Federal Judge Overturns Conviction of Brendan Dassey

On Friday, August 12, 2016, U.S. Magistrate Judge William E. Duffin overturned the conviction of Brendan Dassey, one of the defendants highlighted in the documentary ‘Making A Murderer.’ The judge has given the state 90 days to either initiate proceedings to retry him or release him from prison.

In his 91-page decision, the judge concluded:

“The investigators repeatedly claimed to already know what happened on October 31 and assured Dassey that he had nothing to worry about. These repeated false promises, when considered in conjunction with all relevant factors, most especially Dassey’s age, intellectual deficits, and the absence of a supportive adult, rendered Dassey’s confession involuntary under the Fifth and Fourteenth Amendments.”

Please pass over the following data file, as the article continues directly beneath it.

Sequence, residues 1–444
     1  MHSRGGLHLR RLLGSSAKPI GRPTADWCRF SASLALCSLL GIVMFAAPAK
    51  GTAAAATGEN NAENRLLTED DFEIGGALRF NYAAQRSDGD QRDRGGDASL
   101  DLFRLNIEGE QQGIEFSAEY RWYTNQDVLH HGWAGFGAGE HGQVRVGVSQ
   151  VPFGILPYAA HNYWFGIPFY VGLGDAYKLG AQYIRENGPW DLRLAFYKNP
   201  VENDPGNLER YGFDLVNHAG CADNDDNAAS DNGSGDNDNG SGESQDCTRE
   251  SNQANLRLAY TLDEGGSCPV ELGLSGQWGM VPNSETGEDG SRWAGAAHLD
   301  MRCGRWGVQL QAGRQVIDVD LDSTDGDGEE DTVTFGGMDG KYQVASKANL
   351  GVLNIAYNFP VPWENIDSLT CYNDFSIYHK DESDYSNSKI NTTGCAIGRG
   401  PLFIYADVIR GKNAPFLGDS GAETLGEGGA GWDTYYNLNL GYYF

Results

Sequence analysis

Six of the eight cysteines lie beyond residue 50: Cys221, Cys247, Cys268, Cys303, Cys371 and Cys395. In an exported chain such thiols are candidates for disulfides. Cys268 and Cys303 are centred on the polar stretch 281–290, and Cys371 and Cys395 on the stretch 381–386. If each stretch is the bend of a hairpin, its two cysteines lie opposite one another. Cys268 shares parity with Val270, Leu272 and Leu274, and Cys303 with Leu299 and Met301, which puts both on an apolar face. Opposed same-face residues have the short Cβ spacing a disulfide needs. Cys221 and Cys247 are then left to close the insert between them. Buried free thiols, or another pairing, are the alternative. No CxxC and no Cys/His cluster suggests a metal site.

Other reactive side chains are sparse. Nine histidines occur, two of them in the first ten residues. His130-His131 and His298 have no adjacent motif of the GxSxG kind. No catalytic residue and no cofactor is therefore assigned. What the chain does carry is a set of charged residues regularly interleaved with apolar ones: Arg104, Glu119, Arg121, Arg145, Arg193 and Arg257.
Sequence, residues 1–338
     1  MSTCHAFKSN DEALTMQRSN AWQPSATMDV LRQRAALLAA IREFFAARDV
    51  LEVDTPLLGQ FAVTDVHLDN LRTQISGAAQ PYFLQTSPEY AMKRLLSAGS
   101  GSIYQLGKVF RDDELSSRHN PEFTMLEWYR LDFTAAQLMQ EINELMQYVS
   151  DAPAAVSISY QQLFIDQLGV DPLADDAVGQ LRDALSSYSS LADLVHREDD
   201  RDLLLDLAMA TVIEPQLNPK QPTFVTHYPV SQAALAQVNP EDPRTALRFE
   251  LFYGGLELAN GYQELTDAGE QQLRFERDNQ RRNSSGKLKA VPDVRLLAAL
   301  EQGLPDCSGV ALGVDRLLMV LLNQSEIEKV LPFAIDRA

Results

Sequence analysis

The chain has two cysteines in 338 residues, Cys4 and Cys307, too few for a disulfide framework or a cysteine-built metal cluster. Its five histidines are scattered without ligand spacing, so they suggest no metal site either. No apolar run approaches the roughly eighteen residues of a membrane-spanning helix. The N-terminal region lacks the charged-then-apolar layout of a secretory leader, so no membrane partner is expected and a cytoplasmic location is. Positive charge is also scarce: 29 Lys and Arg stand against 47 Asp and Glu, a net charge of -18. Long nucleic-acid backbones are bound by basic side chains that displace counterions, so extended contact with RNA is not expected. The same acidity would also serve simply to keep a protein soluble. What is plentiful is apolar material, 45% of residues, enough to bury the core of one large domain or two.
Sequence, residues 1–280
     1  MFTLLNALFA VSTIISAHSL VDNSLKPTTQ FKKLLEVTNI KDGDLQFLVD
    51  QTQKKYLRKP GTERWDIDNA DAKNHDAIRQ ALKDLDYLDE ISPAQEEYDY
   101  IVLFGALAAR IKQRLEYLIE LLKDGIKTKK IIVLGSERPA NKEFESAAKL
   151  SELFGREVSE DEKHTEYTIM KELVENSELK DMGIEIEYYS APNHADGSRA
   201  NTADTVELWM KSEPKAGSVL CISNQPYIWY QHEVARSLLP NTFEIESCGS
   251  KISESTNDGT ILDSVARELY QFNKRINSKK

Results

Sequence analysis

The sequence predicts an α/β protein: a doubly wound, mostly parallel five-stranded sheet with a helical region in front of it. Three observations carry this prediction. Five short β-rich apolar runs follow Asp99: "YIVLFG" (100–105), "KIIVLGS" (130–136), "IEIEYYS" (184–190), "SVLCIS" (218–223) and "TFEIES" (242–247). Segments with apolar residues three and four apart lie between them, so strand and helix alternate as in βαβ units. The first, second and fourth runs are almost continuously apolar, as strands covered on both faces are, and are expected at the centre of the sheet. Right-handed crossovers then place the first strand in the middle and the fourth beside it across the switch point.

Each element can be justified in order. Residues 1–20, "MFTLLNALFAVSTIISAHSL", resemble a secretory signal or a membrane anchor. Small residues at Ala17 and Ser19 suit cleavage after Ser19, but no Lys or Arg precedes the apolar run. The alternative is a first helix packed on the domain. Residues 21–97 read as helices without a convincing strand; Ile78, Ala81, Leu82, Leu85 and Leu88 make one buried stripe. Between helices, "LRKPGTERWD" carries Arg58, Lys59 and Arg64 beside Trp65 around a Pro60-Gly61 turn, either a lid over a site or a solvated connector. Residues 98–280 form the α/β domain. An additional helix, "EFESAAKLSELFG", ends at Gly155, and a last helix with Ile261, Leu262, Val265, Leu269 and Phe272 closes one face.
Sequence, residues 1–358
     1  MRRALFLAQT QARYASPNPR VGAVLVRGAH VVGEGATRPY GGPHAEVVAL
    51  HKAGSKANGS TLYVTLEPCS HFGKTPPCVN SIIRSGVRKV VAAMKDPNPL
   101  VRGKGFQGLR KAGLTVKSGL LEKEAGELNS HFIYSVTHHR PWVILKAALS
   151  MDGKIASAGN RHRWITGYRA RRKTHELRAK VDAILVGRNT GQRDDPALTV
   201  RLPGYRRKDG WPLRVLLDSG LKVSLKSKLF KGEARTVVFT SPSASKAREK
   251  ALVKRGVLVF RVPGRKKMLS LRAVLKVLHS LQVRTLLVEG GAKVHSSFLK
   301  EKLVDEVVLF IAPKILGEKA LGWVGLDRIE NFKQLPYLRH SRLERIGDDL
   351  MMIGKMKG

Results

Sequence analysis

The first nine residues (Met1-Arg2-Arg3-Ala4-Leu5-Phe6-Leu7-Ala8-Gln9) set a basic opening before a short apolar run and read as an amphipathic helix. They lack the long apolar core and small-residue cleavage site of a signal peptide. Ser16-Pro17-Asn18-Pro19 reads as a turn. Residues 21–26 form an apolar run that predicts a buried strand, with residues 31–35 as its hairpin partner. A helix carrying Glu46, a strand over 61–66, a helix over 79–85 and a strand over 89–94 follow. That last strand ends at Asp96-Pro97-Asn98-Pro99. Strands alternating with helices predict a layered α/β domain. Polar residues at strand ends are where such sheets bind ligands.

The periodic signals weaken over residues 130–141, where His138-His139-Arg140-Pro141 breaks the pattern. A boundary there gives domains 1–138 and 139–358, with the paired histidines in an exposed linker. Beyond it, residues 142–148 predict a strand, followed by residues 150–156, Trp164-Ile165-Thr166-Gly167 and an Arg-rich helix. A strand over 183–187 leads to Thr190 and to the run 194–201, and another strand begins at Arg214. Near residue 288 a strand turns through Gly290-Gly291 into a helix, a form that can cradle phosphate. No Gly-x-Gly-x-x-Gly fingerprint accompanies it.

Law Professors Steven A. Drizin and Laura Nirider of the Bluhm Legal Clinic’s Center on Wrongful Convictions of Youth represented Dassey in the appellate process. The Clinic has represented Dassey since 2008.

View the full decision here.

Read the Center on Wrongful Convictions press release, which includes links to instructive  information regarding youth interrogation and false confessions.

One response to “Federal Judge Overturns Conviction of Brendan Dassey

  1. The appointed trial lawyer was private, not a public defender, and a solo. Two characteristics that lead to wrongful convictions–in federal courts as well as state courts. In federal courts the appointed lawyer automatically is assigned to the direct appeal. How likely is it that lawyer will self-criticize?

    Kachinsky, the trial lawyer, used to be in a partnership that ended bitterly, according to another Wisconsin appeal. And that was his second failed partnership.

    Defendants are doomed when they are assigned to private attorneys who are solos. Typically, it is not as obvious as in this case but they need to be warned.

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